T.G.I. Friday’s have been struggling over the last several years. CEO Ray Blanchette had been tasked with plans to change the struggling chain into a buzzy bar business and make the company public. But 2020 unrolled a pandemic, and instead of making the company public Blanchette has been busy through the first half of the year trying to make cash enough to avoid bankruptcy. With the looming recession, T.G.I. Fridays’ kicking off 2020 can be deemed as a failure. How did the pandemic make the company’s 2020 comeback go in vain? Will it be better or worse in the post-pandemic situation?
Factors that led to T.G.I Fridays’ downfall.
In the 1980s and 90s T.G.I. Friday’s were quite a fancy place to be at. It’s a fun atmosphere, predictable food quality and prices that could be afforded by an average family or a teen with a part-time job made it a decent place to hang out on a typical Friday night. But the times have changed, and TGI Fridays saw a 5.1% decline in its sales in 2017. The company growth struggles have been a result of many factors.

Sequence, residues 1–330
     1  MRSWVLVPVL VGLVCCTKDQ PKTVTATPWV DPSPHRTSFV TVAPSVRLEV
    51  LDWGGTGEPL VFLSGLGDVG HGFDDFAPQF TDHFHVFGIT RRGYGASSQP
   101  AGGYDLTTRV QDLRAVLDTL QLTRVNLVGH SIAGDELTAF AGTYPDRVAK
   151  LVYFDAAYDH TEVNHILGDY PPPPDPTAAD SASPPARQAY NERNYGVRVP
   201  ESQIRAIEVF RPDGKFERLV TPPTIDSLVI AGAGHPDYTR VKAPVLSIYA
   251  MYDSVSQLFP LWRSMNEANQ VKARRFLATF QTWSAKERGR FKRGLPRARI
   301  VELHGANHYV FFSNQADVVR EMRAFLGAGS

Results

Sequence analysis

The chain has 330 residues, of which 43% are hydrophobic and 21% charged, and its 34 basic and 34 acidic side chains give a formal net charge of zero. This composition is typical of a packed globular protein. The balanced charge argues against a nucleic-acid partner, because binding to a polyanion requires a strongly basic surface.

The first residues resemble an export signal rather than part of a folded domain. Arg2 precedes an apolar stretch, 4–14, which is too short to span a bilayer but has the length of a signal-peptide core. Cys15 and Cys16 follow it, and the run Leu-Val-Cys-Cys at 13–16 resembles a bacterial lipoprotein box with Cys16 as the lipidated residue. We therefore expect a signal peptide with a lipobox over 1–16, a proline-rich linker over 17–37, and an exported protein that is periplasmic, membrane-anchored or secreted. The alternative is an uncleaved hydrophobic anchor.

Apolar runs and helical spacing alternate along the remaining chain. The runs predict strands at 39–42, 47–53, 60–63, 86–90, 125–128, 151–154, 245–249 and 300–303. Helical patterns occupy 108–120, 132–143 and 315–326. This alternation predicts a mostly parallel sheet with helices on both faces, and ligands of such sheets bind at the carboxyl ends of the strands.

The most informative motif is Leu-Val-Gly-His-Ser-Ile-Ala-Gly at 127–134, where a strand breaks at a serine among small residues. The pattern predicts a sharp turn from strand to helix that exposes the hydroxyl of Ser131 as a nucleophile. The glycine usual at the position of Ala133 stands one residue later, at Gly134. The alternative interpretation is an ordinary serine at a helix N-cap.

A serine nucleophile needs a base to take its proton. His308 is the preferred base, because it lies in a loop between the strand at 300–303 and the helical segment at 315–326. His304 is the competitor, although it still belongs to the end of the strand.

T.G.I. Fridays’ shift from a bar flanked mostly with young adults to a casual family dining restaurant strayed them too far from their roots. The first T.G.I. Friday’s had a homey atmosphere with imitation Tiffany lamps and walls with antique memorabilia. They developed a great fanfare a people had never seen anything like that. Ruby Tuesday, Bennigan’s and more chain started copying the look and thus quality started to decline. In 2005, T.G.I. Friday’s began revamping their décor discarding the antiques and going into a minimalistic look, but it failed to capture the coolness factor of it in the ’70s, ’80s, and ’90s.
The death of popular industry in the ’80s and ’90s can easily be put on the shoulder of the millennials, and it is not surprising that such is the case with T.G.I. Fridays’ decline in popularity. Millennials prefer faster services, cheaper prices, and more customizable options that are offered by fast-casual chains like Panera Bread or Chipotle. These chains provide fresher food and more global option compared to T.G.I. Fridays’ deep-fried appetizers. And adding on to that home delivery had made it worse since you can’t have an Elderflower Martini or a Cosmopolitan home-delivered, they are bound to lose out on the sales.